I received a very thoughtful reply from Roger Rienstra, president of Witherspoon Advertising and PR in Fort Worth, Texas.
"Our kids learned from TV," Mr. Rienstra wrote me, "that it is OK-even cool-to be disrespectful, smart alecky. . . I particularly notice the erosion of the old notions of teamwork, sportsmanship and fair play. This is apparent in today's televised athletic events. Now we have look-at-me end-zone celebrations, taunting, gloating, crowd incitements and public arguments about how exorbitantly professional athletes are to be paid."
Major League Baseball is the first professional sport to feel the fans' wrath (attendance is down 20% this year, and the All-Star Game had the lowest TV ratings ever). But if the kind of shenanigans Mr. Rienstra talked about continue, it won't be the last.
People yearn for civility, in sports as well as politics. When President Clinton and Newt Gingrich appeared together on the same stage in New Hampshire and were actually civil and cordial to one another, they both got an overwhelmingly positive reaction. But that sort of gentlemanly discourse hardly ever happens in politics any more.
Nor does it happen in sports. The other day Yankee pitcher Jack McDowell gave fans the finger when they razzed him for giving up nine runs on 13 hits to his old Chicago teammates.
Two Hall of Fame baseball players, Willie McCovey and Duke Snider, pleaded guilty to not reporting thousands of dollars from signing autographs at memorabilia shows. While they were raking in all that dough, they probably refused to sign a kid's baseball or scorecard for free.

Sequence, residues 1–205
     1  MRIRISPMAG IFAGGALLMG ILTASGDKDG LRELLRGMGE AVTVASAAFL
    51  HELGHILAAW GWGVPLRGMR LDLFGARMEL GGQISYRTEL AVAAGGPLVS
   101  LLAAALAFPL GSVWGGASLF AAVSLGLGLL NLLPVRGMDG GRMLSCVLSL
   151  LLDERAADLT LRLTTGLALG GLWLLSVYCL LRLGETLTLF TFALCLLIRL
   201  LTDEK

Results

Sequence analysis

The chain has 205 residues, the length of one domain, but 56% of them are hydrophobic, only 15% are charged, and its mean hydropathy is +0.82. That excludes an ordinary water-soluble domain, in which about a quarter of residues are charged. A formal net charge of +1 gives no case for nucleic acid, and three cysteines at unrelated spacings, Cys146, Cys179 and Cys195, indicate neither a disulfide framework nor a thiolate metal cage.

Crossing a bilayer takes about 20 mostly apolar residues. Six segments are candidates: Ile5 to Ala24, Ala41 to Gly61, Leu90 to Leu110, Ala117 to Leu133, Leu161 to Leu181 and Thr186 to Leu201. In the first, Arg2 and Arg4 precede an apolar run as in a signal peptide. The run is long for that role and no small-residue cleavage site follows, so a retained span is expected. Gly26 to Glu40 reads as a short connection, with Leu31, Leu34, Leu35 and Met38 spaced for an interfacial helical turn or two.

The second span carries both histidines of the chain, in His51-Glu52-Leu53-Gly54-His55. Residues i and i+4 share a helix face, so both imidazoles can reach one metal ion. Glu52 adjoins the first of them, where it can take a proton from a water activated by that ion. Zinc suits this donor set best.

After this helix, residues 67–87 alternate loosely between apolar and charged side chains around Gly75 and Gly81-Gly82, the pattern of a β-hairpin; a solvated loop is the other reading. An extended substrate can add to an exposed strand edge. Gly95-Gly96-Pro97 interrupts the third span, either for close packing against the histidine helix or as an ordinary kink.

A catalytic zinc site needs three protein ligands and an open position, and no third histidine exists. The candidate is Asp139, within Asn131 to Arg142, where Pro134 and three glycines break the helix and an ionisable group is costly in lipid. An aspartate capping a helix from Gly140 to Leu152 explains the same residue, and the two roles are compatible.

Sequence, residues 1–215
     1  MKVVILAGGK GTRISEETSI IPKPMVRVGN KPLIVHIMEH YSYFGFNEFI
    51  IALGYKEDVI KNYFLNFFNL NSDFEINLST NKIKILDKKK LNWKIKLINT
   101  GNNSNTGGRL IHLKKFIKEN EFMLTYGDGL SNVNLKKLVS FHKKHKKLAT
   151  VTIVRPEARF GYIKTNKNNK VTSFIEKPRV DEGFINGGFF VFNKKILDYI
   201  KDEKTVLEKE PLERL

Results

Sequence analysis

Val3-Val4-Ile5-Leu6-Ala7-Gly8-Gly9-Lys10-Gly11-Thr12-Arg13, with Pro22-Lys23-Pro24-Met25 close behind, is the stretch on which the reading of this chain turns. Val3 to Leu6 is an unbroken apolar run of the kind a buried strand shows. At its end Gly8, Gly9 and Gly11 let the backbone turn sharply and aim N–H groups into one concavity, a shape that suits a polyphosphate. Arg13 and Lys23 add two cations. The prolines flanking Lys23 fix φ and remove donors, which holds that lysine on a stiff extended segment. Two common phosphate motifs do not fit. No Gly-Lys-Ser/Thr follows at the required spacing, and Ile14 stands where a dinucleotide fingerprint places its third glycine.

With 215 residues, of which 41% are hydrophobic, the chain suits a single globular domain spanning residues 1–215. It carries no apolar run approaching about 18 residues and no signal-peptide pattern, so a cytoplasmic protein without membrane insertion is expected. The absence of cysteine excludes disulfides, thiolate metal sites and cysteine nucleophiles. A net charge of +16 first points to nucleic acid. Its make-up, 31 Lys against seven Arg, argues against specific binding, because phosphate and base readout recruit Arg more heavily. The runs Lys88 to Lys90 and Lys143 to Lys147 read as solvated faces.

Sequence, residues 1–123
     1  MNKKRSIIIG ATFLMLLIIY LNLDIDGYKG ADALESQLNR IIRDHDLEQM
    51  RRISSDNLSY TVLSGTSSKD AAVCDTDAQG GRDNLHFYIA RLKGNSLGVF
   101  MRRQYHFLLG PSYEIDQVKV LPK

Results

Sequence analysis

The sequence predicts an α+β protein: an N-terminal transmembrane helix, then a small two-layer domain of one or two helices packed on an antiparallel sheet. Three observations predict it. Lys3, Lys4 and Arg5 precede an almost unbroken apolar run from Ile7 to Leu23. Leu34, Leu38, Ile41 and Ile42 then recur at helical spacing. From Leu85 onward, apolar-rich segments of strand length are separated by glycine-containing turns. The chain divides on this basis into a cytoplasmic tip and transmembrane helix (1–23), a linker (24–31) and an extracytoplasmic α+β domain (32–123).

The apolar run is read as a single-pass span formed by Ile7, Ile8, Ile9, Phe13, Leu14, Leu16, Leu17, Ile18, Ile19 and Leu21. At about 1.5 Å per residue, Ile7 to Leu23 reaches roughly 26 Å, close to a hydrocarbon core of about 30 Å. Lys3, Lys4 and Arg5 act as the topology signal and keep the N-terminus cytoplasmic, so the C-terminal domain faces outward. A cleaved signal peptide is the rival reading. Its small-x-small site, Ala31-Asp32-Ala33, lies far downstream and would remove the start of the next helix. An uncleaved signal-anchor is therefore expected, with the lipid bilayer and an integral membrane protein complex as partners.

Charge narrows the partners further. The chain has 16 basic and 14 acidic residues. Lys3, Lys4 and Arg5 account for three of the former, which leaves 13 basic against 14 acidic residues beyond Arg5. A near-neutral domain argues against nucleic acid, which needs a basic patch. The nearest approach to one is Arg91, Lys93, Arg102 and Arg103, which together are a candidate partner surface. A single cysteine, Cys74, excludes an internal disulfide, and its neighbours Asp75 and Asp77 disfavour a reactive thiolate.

What strikes me is how profoundly sad baseball is making its ex-fans. After writing I no longer read about or watch baseball on TV, I received an e-mail from one of our staff members, Electronic Media's Graphics Editor Jack McCarthy.
"I'm a lifelong White Sox fan, having spent my formative years just four blocks from old Comiskey Park. As a kid, I thought it was pretty special to live in the shadow of a major league ballpark.
"These memories of a more idyllic era are in sharp contrast to today's reality. After last season, I opted to ignore the game. Baseball is in my blood. I had planned to introduce my 3-year-old son to the game and carry on one of those father-son traditions. Not anymore."
Even Mayor Daley of Chicago sounds disheartened, a very un-mayorlike state of mind. "I just don't have any interest, and baseball has real problems. Since the players went back, I haven't heard one person talk to me about baseball."
It sounds to me as if Mayor Daley enjoyed talking to his constituents about baseball. No sport has the right to rob us of that or of a father's anticipation of introducing his son to the game.